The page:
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Open Access Correspondence

Coherence of evidence from systematic reviews as a basis for evidence strength - a case study in support of an epistemological proposition

Steffen Mickenautsch

Author Affiliations

SYSTEM Initiative/Department of Community Dentistry, Faculty of Health Sciences, University of the Witwatersrand, 7 York Rd., Parktown/Johannesburg 2193, South Africa

BMC Research Notes 2012, 5:26  doi:10.1186/1756-0500-5-26

Published: 12 January 2012

Abstract

Background

This article aims to offer, on the basis of Coherence theory, the epistemological proposition that mutually supportive evidence from multiple systematic reviews may successfully refute radical, philosophical scepticism.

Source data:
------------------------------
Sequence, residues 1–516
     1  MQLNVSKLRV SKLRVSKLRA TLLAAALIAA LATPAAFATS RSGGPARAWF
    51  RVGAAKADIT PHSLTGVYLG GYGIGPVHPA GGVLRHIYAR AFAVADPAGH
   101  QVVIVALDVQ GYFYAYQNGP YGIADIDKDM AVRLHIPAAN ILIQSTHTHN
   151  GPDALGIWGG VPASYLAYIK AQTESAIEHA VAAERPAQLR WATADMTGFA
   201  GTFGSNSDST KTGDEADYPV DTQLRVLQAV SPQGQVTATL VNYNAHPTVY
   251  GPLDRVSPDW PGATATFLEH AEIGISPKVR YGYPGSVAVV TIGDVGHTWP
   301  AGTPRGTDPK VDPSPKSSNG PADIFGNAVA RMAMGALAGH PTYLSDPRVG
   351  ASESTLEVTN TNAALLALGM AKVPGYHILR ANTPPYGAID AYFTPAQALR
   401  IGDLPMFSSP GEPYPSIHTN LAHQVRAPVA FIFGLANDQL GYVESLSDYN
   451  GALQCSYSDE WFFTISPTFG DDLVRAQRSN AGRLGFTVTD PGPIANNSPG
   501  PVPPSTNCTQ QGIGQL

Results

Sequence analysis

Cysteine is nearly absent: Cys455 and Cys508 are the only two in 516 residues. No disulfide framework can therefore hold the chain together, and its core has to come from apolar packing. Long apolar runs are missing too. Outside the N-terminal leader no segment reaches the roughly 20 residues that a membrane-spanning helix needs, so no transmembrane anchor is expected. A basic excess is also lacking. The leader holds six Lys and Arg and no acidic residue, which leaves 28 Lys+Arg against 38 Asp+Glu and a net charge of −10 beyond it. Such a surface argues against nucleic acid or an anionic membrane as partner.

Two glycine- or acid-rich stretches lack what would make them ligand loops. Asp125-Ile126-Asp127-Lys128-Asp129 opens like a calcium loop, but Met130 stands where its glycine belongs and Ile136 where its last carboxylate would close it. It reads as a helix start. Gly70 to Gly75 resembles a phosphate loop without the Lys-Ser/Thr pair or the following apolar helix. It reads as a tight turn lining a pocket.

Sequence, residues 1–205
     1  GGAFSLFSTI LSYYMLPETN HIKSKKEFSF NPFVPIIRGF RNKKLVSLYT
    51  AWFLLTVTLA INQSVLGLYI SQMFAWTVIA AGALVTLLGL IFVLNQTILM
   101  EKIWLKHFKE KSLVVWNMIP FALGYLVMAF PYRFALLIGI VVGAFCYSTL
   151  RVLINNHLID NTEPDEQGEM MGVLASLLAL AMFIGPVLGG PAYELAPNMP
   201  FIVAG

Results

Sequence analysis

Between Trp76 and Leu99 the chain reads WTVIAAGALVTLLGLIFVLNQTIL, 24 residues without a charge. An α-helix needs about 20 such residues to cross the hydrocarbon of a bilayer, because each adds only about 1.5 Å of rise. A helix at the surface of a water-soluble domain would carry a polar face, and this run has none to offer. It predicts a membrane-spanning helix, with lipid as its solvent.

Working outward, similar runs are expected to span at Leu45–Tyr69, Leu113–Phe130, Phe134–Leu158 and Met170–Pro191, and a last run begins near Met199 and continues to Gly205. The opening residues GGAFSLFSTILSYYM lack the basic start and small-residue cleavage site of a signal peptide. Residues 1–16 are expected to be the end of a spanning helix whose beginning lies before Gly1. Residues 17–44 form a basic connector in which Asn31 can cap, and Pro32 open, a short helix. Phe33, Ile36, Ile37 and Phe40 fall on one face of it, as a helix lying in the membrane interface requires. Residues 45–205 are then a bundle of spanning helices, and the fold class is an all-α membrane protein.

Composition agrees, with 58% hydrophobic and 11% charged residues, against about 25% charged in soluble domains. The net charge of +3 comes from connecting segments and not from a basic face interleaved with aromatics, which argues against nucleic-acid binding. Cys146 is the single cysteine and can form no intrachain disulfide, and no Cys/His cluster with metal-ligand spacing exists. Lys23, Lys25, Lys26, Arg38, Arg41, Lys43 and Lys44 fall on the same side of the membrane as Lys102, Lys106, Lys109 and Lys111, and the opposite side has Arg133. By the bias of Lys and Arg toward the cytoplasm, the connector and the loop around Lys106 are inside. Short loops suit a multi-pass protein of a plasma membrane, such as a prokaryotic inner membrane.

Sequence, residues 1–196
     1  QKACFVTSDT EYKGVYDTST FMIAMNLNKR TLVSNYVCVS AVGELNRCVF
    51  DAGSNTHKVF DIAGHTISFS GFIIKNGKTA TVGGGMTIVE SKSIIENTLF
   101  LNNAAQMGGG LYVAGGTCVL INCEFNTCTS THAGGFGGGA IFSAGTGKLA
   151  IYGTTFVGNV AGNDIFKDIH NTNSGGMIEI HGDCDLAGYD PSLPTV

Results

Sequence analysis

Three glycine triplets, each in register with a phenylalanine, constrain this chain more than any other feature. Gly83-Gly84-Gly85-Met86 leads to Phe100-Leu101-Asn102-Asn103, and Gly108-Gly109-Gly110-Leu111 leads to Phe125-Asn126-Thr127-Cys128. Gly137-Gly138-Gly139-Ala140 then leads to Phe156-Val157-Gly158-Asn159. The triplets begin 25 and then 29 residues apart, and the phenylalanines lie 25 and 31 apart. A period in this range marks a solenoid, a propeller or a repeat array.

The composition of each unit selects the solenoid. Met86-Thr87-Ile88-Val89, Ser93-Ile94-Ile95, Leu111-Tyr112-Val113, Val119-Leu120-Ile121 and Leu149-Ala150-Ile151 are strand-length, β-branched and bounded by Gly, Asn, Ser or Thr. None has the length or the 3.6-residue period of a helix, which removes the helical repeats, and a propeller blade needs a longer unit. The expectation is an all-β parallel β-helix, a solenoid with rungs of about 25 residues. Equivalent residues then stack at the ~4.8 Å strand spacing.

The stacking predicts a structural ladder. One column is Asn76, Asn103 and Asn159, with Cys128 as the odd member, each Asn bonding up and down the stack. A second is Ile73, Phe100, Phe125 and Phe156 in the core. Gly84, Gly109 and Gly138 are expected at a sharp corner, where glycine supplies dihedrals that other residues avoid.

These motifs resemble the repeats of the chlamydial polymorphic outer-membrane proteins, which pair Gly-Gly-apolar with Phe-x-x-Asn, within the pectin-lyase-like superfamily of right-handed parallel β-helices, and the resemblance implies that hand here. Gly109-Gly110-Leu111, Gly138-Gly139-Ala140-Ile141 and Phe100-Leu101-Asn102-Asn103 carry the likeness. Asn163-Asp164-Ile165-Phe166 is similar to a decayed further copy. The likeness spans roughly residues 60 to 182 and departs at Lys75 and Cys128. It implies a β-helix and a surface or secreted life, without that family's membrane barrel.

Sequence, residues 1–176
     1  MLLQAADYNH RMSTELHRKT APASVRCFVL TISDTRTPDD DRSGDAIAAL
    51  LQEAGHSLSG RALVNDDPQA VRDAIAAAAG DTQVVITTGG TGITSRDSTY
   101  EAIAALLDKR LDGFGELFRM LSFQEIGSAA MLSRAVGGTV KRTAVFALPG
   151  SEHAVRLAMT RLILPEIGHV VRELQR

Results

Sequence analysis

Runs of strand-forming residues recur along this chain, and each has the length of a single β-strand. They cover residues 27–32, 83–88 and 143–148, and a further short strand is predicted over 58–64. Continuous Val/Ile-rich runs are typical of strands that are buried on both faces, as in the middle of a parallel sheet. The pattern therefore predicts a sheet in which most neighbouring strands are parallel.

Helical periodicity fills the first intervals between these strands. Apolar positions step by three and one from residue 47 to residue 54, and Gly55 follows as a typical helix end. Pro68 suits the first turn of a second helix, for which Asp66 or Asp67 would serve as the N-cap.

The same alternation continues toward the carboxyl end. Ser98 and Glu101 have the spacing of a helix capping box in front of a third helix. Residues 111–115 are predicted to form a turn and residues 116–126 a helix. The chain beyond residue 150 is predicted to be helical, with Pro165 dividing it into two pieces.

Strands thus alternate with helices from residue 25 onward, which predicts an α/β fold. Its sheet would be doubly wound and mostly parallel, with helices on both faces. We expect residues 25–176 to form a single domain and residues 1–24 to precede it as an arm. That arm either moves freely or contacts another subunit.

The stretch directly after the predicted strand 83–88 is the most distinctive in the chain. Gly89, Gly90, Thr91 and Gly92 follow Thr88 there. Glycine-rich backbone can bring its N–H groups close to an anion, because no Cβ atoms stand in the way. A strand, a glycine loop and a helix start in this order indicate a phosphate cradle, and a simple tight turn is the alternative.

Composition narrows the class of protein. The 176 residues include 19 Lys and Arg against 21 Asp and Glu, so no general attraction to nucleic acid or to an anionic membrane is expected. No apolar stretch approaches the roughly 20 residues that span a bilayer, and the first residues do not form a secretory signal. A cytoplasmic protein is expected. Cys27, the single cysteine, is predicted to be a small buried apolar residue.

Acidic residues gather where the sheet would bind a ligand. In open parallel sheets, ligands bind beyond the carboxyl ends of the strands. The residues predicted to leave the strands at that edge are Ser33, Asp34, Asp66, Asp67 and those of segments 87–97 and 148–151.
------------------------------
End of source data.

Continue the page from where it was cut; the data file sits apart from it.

Methods

A case study including seven systematic reviews is presented with the objective of refuting radical philosophical scepticism towards the belief that glass-ionomer cements (GIC) are beneficial in tooth caries therapy. The case study illustrates how principles of logical and empirical coherence may be applied as evidence in support of specific beliefs in healthcare.

Results

The results show that radical scepticism may epistemologically be refuted on the basis of logical and empirical coherence. For success, several systematic reviews covering interconnected beliefs are needed. In praxis, these systematic reviews would also need to be of high quality and its conclusions based on reviewed high quality trials.

Conclusions

A refutation of radical philosophical scepticism to clinical evidence may be achieved, if and only if such evidence is based on the logical and empirical coherence of multiple systematic review results. Practical application also requires focus on the quality of the systematic reviews and reviewed trials.